Art history as it is currently practiced in both Europe and the United States is a very secularized field of study — and this is true even among those scholars who specialize in the European old masters, like Michelangelo or Rembrandt, artists who openly deal with sacred or biblical content directly.

“October in the Catskills” by Sanford Robinson Gifford. Photo/Los Angeles County Museum of Art

Nineteenth-century painters are said to have secularized Western art but it is perhaps more sacralization than secularization in the case of landscape. A minor, formerly profane genre, landscape became elevated and sacralized by the Romantics, taking on lofty themes with a high moral tone and a transcendent gravitas formerly reserved for religious painting alone. In the United States, these Romantic landscapists are often referred to as the “Hudson River School,” a Romantic tendency evident over the course of two or three generations of artists. After falling out of favor for a while, appreciation for Hudson River School painting increased dramatically during the postwar period, when the alienated, Romantic abstractions of artists like Pollock and DeKooning created a new appetite for the sublime.

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Highlights for July/August

Good Omens’: Exploring the spaces between good and evil

By Linda Brooks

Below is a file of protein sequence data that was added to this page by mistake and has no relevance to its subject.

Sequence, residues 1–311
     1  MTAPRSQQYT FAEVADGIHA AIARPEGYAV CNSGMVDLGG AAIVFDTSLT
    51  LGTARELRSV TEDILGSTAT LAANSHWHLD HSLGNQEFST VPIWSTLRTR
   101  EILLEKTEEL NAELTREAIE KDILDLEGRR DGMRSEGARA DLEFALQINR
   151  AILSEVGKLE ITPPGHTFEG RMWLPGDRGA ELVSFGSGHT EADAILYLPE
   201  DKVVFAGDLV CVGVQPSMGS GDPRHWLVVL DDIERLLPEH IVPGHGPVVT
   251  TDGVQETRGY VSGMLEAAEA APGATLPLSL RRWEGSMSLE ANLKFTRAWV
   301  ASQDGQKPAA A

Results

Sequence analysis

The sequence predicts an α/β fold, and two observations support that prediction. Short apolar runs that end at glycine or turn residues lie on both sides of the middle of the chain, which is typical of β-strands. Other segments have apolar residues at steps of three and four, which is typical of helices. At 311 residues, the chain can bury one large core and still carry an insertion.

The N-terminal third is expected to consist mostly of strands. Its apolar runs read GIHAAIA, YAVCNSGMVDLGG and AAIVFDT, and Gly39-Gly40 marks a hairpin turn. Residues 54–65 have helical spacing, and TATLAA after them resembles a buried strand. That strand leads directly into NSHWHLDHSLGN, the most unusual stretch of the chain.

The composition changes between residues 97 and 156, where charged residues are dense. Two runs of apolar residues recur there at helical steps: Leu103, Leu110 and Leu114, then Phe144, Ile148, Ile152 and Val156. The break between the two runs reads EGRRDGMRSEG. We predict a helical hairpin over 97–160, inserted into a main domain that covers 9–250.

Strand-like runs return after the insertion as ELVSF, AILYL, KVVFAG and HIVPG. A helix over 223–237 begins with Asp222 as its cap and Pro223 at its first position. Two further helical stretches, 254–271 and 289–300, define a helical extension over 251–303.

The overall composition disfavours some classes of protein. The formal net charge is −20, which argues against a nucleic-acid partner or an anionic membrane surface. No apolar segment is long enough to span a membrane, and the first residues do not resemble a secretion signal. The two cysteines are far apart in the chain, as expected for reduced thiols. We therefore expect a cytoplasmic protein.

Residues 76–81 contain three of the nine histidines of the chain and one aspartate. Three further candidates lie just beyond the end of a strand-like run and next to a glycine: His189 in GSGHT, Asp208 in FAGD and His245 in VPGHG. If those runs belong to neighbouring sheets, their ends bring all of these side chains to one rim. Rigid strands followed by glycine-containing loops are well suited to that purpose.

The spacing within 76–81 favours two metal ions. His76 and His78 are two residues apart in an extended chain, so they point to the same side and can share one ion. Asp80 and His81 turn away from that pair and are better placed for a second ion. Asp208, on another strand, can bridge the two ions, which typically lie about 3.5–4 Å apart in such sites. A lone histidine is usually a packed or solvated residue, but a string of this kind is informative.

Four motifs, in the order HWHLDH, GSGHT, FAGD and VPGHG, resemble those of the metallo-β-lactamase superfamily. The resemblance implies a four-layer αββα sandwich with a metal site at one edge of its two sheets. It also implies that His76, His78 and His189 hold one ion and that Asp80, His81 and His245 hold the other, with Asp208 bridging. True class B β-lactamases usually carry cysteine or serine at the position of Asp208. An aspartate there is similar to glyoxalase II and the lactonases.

Television programs with religious themes or characters seem to be on the upswing. A new six-part mini-series from Amazon Studios and released on Amazon Prime has a pretty broad sweep. “Good Omens” takes on heaven vs. hell and the coming apocalypse as the basis for its story.

Based on the 1990 book “Good Omens: The Nice and Accurate Prophecies of Agnes Nutter, Witch,” by Terry Pratchett and Neil Gaiman, “Good Omens” offers a wickedly funny satirical observation of the relationships of angels and demons to their human charges. In the process we learn something about ourselves as well.

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Bishop David Bailey, left, and Bishop Michael Smith participate in the blessing of the Hozho Center. Photo/Dick Snyder
Convocation hears about signs of hope in Navajoland

By Dick Snyder
Navajoland gets by with a little help from its friends, Bishop David Bailey explained during the 43rd annual convocation held June 7-9 in Farmington, N.M.

“There are a lot of challenges, mostly economic,” Bailey said in his address. He explained that most of the buildings in Navajoland are old with outdated electrical service, galvanized pipes and leaky roofs. For instance, use of the St. Mary in the Moonlight church in Monument Valley has been suspended because the roof collapsed, he noted.

But there are signs of hope which include a grant from the Arthur Vining Davis Foundation to make major repairs at Good Shepherd Mission in Fort Defiance, Ariz., and partnerships with other dioceses, parishes and church organizations.

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Highlights for June

Book asks ‘who is my neighbor?’

Review by Solange De Santis

Jesus often spoke in parables, reducing complex ideas to straightforward stories that his listeners would understand.

Jennifer Grant’s “Maybe I Can Love My Neighbor Too,” a large-format book with jaunty illustrations by Benjamin Schipper, follows the same principle.

In Grant’s previous book, “Maybe God Is Like That Too,” a boy notices examples of virtues such as kindness and patience in the city where he lives and thinks, “maybe God is like that too,” concluding that “maybe I can be like that too.”